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In the Dog House: 'The American Dog at Home'

Monday, October 25, 2010

Unless the person behind the shutter is Richard Avedon or Annie Leibowitz, it is hard to get too excited by the celebrity portrait. Our People magazine culture has turned intimacy into a commodity. But something amazing happens when the camera shifts a bit, and gives pride of place to the family dogs. Then, you get something like "The American Dog at Home: The Dog Portraits of Christine Merrill."

This handsome volume, created by gallery owner William Secord, is something of a hybrid. In the act of celebrating Merrill's portraits, which have the elegant wholesomeness of traditional 18th and 19th century pet portraits, Secord has created a series of photo essays that place Merrill's subjects in the context of their homes and their humans. It's an approach that balances the opulence of the dogs' surroundings—most are children of privilege—with an unmaterial dignity and glimpse of those wordless relationships that have bound our two species together for centuries.

Christine Merrill in her studio with Rudy
Photo: William Secord
Christine Merrill in her studio with Rudy
Topper Boo Rearsby (also known as Page) with Ch Banbury Bedrock Barchetta
Photo: William Secord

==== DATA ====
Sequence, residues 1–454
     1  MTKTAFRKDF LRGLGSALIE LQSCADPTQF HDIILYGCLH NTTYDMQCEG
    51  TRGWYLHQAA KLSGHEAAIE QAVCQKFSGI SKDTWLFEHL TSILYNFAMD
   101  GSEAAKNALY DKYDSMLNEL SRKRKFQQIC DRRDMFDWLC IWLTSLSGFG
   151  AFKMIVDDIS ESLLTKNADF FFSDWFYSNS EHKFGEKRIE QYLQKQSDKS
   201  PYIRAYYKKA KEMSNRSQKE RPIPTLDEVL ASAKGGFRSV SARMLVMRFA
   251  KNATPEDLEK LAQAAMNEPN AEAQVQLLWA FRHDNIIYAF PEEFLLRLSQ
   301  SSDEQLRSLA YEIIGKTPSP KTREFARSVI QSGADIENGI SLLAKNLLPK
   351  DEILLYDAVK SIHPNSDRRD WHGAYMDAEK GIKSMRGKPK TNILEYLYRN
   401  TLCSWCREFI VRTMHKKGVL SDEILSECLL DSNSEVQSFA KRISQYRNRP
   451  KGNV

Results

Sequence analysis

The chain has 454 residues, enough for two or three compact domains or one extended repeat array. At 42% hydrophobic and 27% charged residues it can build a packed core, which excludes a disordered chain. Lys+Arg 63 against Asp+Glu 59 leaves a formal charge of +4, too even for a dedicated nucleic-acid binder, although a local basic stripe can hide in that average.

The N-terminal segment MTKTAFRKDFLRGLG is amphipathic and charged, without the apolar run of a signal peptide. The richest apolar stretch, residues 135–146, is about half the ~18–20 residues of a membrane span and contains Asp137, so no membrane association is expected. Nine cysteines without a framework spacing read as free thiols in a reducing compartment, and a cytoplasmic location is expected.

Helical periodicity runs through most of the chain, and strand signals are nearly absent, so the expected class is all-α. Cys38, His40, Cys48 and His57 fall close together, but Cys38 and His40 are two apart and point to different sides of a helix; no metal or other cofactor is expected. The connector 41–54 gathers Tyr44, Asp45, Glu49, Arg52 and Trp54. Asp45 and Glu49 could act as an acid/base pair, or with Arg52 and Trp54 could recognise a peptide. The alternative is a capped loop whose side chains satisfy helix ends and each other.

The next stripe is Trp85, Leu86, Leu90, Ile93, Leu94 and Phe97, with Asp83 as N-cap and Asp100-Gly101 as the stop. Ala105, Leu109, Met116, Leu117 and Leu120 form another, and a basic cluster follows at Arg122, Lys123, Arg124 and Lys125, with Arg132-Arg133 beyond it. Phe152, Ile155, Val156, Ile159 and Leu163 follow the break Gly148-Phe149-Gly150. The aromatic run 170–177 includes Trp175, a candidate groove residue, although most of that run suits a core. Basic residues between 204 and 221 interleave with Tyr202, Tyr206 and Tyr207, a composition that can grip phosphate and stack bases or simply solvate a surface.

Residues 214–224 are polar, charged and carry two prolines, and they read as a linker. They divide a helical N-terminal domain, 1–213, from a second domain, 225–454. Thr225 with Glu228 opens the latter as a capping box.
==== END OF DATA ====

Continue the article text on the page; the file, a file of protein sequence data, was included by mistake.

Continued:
Topper Boo Rearsby (also known as Page) with Ch Banbury Bedrock Barchetta
Phoebe and Abigail Markin go kayaking
Photo: William Secord
Phoebe and Abigail Markin go kayaking
Christine Merrill, <em>Pekingese with Dogwood</em> (1996)
Photo: William Secord
Christine Merrill, Pekingese with Dogwood (1996)
Christine Merrill, <em>Rocky</em> (2008)
Photo: William Secord
Christine Merrill, Rocky (2008)
Christine Merrill, <em>Sir Lancelot and Maximillan</em> (1988)
Photo: William Secord
Christine Merrill, Sir Lancelot and Maximillan (1988)
Christine Merrill, <em>Papillon with Still Life</em> (1990)
Photo: William Secord
Christine Merrill, Papillon with Still Life (1990)
Iris Groot, a Chinese Crested, with Gustav
Photo: William Secord
Iris Groot, a Chinese Crested, with Gustav
Earl Kopf, a border terrier, is allowed on the furniture
Photo: William Secord
Earl Kopf, a border terrier, is allowed on the furniture
Christine Merrill, <em>Morgan, Stanley, Winnifred and Ramses,</em> (2003)
Photo: William Secord
Christine Merrill, Morgan, Stanley, Winnifred and Ramses, (2003)

Produced by:

Sarah Montague

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Comments [2]

Beverly Davis from New Bedford, Ma.

Hi Christine, I love your work, you are an inspiration. I do art work myself, but I have only succeeded at failing to succeed. beverlydavisfineart.com I'll get back to you or the William Secord Gallery and buy, rather invest in one of your paintings as soon as I am able.....Best Regards, Beverly Davis

Feb. 03 2012 03:03 PM
S Molock

Taxis should be able to carry four people not just three
We go out in a group of four

Nov. 17 2010 11:40 AM

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